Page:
According to new data from the Council of Mortgage Lenders (CML), 20% of the 148,000 borrowers who took out a new mortgage in the first quarter of 2014 stretched out the mortgage term over 30 years, compared with just 4.5% of borrowers 10 years ago. More than 25% of first time buyers also took out mortgages with 30 year terms against 20% before the financial crisis, as part of what experts consider to be a worrying trend.
The statistics suggest that people are increasingly facing a lifetime of debt just to enable them to buy their first home or move up the property ladder. The reason many cite for taking out loans longer than the traditional 25 years is to lower their monthly payments and cope with surging house prices which are rising faster than average earnings.
It is likely that the popularity of longer loans will increase in the wake of tough new rules introduced last month focusing on affordability and responsible lending. The upside may be lower repayments but the downside would be reduced affordability should house prices begin to fall or interest rates increase, particularly if people have borrowed to their maximum potential in the first place.
The CML reports that the popularity for longer term loans was not restricted to new mortgages with the number of households re-mortgaging their homes with a loan that would not be fully repaid within 30 years at 5% - close to a record high in the first quarter of this year.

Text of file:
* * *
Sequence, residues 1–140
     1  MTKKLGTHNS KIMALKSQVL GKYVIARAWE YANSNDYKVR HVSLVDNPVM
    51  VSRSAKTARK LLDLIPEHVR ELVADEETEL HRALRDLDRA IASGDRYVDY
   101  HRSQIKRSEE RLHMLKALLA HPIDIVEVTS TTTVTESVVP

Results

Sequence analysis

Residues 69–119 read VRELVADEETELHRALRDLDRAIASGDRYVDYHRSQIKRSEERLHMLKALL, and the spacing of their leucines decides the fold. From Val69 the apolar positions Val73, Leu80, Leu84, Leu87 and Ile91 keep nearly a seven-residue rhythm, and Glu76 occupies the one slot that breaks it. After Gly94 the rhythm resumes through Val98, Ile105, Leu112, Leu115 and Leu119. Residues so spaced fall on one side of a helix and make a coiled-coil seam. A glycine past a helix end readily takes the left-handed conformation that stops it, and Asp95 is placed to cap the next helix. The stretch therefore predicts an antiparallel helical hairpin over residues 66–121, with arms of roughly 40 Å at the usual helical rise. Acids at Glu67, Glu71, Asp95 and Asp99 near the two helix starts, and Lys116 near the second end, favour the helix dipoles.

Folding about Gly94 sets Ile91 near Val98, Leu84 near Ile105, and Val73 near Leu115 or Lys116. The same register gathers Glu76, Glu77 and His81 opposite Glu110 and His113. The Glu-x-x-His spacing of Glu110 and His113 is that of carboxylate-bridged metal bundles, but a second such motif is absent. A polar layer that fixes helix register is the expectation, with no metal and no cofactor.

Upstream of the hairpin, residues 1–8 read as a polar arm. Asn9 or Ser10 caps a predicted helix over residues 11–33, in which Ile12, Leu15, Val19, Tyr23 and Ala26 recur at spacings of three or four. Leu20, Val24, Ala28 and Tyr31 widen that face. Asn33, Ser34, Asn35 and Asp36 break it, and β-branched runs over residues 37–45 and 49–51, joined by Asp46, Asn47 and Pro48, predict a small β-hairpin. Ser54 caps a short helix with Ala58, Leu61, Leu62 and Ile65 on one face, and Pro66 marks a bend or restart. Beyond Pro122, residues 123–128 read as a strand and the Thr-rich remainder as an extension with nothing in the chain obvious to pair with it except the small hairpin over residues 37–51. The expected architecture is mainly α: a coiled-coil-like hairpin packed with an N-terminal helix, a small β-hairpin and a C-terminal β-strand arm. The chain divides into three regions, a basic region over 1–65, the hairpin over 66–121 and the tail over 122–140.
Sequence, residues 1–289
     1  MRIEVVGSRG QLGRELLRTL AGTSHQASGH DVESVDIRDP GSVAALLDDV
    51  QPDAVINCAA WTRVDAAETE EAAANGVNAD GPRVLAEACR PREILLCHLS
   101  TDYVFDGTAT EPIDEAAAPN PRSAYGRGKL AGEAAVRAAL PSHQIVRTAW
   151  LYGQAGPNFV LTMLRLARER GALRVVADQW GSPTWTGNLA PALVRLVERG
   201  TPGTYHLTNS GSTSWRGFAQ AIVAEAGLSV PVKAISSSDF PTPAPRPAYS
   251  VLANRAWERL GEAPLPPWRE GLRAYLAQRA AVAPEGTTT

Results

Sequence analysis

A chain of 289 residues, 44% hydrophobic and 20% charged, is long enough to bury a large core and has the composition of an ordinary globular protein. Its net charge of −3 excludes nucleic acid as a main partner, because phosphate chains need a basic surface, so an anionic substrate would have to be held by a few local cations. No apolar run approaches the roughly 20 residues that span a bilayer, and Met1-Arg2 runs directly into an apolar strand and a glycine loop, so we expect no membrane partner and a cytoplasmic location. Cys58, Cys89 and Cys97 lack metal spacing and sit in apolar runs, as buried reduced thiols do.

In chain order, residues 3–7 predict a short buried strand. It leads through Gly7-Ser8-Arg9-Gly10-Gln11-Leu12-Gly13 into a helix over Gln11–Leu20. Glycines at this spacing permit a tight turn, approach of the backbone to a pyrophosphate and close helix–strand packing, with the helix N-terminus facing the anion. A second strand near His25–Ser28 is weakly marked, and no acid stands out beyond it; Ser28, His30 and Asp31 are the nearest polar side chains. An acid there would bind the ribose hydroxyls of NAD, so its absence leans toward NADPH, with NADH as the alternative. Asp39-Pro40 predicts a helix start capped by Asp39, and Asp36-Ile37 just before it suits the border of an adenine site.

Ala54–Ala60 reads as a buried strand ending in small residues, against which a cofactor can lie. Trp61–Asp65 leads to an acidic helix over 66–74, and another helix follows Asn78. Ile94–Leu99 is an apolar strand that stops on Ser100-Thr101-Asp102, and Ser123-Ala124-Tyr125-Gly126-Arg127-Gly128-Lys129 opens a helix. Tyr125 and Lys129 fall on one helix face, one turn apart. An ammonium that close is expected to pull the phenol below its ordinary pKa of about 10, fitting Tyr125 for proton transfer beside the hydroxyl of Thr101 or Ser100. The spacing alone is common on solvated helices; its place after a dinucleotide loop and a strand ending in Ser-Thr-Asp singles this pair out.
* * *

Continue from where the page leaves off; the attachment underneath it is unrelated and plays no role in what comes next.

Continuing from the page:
A spokesman at the CML said: “With house prices currently rising faster than incomes, affordability is still a stretch for those wishing to enter the market – even with low interest rates. Given the fact that many households will have worked hard to save for a deposit, it isn’t surprising that households may choose to take out a mortgage with a longer term to cushion the cost of monthly payments at the outset – especially as interest-only mortgages are no longer being widely used now that the new affordability rules flowing from the Mortgage Market Review are in place.”
David Hollingworth, associate director at London & Country, Britain’s largest independent mortgage broker commented: “If 30 or 35-year mortgages do become the norm, it will mean borrowers are paying down the debt much more slowly. That means when you make your next move up the ladder you’ll need to restructure the debt over a longer term as well. Ultimately, many people may be borrowing for life.”
The main concern is that increasing numbers of borrowers will become vulnerable once interest rates start to rise and that the risk is not worth the advantage of reducing the initial outlay for a home with longer term lending.
On 17th June, the Financial Planning Committee are likely to recommend a further tightening of rules, such as forcing borrowers to raise larger deposits or capping mortgage term lengths in an attempt to prevent unsustainable borrowing.
On one hand it is a positive approach to make home purchase more affordable but when the associated risk is sufficient to threaten future financial security, it fails to correctly define the term ‘responsible lending’.
- Monday 19 May 2014